“Constellations” Shines Bright

August Burns Red - ConstellationsReturning to the music scene again in 2009 with their third record, Constellations, August Burns Red continued to add to its loyal following. Constellations is widely regarded as the band’s most successful record and quite possibly their breakthrough into the metal “in-crowd”. Keeping in tune with Messengers, ABR continues the odd-meter riffs and devastatingly heavy breakdowns, fit for a massive mosh pit. However, Constellations marked an ending for the band. Growing increasingly estranged from the attitudes of contemporary metalcore bands, J.B. Brubaker commented “I feel like anyone who can pick up and play a guitar and learn to play a metalcore riff and any drummer who can learn to play a thrash beat over a breakdown is doing it . . .”[1] This has fueled their desire to be more progressive in their musical endeavors. You’ll hear less of the straight riff/breakdown songs and more of the unusual on 2011’s Leveler, 2013’s Rescue & Restore, and their latest and most technically advanced, Found in Far Away Places (2015).

Constellations (2009): 12 tracks, 47 minutes.

As always, ABR’s lyrics are deep and meaningful. “White Washed” is a scathing reprimand against those who put their own personal choice before their beliefs and values, as well as condemning legalism. “Marianas Trench” mourns following this culture to its destruction. “Open your closed mind. Close your open mouth,” says “The Escape Artist”; a timely reminder. Paradox features a Proverbs-esque adage, when Luhrs growls “He that keeps his mouth keeps his life. He that opens his lips too wide shall bring on his own destruction.” Among the only lyrics of “Meridian” are a quotation of Jeremiah 31:2. “If everything’s relative, then why the emptiness in our souls?” cries “Meddler.” “Crusades” sums up the record well, with lyrics similar to an epitaph. However, “Existence” contains some of the best lyrics ever written by August Burns Red: “The walls of a church don’t make it holy” and, even better, “It’s what we know we aren’t, that makes us who we are.” This is a beautiful picture. We know we’re not perfect, but that’s what makes us who we are in Christ. When we recognize we need Him, He calls us His children.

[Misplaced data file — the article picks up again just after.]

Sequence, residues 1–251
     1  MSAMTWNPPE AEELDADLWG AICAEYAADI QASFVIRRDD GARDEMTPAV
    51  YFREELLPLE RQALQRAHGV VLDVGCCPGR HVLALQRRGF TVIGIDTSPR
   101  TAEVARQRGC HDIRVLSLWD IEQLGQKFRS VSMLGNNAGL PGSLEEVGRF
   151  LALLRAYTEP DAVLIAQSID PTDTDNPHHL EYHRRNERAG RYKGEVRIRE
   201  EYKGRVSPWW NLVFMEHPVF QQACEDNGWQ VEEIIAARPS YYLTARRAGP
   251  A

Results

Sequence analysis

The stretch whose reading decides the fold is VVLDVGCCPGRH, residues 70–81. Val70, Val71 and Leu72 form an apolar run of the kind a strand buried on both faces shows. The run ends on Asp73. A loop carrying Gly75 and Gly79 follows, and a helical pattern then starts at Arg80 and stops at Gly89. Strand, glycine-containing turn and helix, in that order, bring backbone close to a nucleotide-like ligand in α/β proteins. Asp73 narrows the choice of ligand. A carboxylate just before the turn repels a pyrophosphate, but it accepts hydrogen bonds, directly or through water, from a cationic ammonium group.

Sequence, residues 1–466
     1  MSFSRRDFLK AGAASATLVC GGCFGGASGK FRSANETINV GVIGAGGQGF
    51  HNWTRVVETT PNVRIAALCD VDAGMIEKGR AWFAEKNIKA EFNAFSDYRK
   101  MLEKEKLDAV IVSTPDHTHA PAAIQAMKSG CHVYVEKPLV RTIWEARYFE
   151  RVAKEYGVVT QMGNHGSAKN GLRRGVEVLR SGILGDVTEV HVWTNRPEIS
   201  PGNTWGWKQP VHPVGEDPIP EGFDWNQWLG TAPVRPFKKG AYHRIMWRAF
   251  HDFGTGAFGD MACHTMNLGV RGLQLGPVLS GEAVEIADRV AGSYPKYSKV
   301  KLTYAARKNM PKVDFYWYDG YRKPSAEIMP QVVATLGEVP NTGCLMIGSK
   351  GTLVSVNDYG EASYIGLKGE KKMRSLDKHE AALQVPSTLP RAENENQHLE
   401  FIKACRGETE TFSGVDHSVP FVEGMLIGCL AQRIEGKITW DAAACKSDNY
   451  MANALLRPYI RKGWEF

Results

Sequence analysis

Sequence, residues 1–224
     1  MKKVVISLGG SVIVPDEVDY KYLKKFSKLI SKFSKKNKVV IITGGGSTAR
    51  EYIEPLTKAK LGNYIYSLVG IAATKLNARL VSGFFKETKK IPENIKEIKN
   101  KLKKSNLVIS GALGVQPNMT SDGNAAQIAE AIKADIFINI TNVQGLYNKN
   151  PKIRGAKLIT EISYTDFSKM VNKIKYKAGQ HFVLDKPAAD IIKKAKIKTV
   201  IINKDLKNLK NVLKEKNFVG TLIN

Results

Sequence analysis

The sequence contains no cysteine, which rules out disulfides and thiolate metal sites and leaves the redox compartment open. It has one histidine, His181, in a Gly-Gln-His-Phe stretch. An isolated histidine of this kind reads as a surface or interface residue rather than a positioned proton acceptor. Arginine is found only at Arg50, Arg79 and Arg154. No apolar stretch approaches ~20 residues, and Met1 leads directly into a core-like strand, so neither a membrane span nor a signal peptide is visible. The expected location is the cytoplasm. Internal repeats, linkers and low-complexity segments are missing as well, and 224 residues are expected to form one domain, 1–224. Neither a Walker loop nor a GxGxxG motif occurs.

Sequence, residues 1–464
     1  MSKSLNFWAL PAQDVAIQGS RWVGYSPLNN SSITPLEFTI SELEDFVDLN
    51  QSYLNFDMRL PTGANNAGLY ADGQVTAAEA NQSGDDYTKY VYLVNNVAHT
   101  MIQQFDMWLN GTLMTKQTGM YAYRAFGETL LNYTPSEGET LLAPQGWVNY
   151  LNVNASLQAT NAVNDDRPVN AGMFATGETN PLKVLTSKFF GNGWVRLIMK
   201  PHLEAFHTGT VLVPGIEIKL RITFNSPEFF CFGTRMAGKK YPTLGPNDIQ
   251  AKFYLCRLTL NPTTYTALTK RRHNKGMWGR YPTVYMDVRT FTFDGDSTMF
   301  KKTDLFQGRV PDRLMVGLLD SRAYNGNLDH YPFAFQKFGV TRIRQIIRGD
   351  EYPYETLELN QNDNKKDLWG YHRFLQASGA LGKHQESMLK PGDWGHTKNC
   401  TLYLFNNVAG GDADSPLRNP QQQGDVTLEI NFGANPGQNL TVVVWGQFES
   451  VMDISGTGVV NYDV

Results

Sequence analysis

Fans of August Burns Red will usually point to “White Washed” and “Marianas Trench” as being some of their best material. They’re hardcore and both feature talented riffing. J.B.’s composition on the latter being very smooth and ambient, something he doesn’t do too often. The record gets off to a rough start compared to Messengers with “Thirty and Seven” not garnering nearly as much of a hype as that of “Truth of a Liar,” but “Existence” picks up the pace with an exceptional solo. The middle of the album features the most variety, from the slow intros of “White Washed” and “Marianas Trench” to the heavy breakdowns of “Paradox” and the epic “Meridian.” A few of the songs, like “Crusades,” feature scaled down sections.

Overall, Constellations is a good album. While it didn’t strike me as much as Messengers, that may be because I’m more familiar with it and wasn’t as shocked at what I found. Nevertheless, the lyrical quality of the songs on this collection is equal with what the band produced in Messengers. If the album as a whole isn’t profoundly striking, there are still some songs worth listening to. “Marianas Trench,” “Meridian,” and “Existence” are examples of my personal favorites. 7.5/10.

[1] Graff, Gary (2011). Metalocalypse Now!!! Mayhem Fest 2011. Revolver. pp. 42–43. 1527-408X.

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